New York Times: "Democrats’ Plans to Tax Wealth Would Reshape U.S. Economy" — "Progressive Democrats are advocating the most drastic shift in tax policy in over a century as they look to redistribute wealth and chip away at the economic power of the superrich with new taxes that could fundamentally reshape the United States economy.
"As they compete for the Democratic presidential nomination, Senators Elizabeth Warren of Massachusetts and Bernie Sanders of Vermont have proposed wealth taxes that would shrink the fortunes of the richest Americans. Their plans envision an enormous transfer of money from the wealthy to ordinary people, with revenue from the wealth tax used to finance new social programs like tuition-free college, universal child care and 'Medicare for all.'
"The wealth taxes under discussion would deal a major blow to the balance sheets of American plutocrats like Jeff Bezos, Bill Gates and Warren Buffett. If the tax that Ms. Warren has called for had been in place since 1982, the net worth of the 15 richest Americans in 2018 would have been half as much, according to two economists who helped develop her plan. The Sanders wealth tax, which was released last week, would have eroded their fortunes even further, to barely one-fifth of their 2018 total.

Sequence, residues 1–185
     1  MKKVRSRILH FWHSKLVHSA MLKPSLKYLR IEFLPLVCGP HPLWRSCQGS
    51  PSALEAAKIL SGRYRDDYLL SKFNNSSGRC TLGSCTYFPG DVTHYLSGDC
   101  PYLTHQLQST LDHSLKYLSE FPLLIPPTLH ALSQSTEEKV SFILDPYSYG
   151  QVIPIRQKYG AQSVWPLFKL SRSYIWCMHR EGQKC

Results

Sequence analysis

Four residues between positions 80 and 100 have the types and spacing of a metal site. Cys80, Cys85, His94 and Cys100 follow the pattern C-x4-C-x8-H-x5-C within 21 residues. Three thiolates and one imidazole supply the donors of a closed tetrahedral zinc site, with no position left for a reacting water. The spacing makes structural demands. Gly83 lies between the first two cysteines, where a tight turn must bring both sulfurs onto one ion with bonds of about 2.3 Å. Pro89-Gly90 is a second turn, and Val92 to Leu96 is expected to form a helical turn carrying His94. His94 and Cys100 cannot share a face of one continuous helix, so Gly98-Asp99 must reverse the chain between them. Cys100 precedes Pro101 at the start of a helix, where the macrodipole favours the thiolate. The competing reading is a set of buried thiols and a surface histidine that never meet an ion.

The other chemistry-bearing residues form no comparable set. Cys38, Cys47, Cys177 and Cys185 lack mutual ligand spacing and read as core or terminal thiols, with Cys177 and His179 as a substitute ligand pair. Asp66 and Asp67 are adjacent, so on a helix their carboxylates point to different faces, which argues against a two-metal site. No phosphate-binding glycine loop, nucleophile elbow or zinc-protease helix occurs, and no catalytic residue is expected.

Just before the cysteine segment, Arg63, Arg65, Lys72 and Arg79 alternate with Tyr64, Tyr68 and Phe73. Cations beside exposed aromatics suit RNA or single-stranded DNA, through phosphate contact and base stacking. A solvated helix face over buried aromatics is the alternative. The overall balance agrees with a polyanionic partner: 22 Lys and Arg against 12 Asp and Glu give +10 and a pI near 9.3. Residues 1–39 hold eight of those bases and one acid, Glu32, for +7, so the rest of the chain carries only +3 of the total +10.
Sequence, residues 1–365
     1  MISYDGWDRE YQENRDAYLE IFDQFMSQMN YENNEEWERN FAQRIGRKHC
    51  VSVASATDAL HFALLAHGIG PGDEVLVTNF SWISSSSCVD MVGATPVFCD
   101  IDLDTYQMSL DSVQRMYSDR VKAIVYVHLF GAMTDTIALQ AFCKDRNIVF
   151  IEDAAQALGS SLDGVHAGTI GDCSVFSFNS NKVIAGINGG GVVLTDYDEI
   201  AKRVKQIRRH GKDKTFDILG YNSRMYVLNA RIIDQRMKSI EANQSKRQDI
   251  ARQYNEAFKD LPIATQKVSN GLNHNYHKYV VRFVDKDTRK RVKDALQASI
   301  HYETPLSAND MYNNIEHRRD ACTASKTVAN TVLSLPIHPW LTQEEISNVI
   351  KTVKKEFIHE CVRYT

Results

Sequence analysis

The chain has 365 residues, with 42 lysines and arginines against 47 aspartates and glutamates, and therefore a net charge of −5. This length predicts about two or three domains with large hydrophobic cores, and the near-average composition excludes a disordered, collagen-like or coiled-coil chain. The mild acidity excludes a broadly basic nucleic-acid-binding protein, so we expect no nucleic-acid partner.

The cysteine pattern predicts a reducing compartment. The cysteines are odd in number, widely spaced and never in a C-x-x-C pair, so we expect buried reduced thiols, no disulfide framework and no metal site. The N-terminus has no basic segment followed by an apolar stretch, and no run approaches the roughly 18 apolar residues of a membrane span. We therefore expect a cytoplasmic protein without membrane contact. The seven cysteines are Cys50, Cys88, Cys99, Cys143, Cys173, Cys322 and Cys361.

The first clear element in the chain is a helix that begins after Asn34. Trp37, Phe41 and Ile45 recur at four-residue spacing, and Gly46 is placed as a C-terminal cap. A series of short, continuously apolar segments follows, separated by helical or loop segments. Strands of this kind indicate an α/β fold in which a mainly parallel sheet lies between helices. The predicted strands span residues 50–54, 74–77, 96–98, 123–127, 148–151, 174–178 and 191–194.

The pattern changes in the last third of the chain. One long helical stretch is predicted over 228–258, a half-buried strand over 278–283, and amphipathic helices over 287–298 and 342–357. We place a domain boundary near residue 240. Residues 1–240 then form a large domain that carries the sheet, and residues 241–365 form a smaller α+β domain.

"The idea of a wealth tax has become an animating issue for the Democratic Party, which sees it as a solution to long-festering concerns about inequality and the rapid concentration of economic power among wealthy Americans. Its emergence is also an antidote to the policies of President Trump, whose $1.5 trillion tax cut largely benefited rich Americans and corporations while leaving future generations with the bill."
This program aired on October 23, 2019.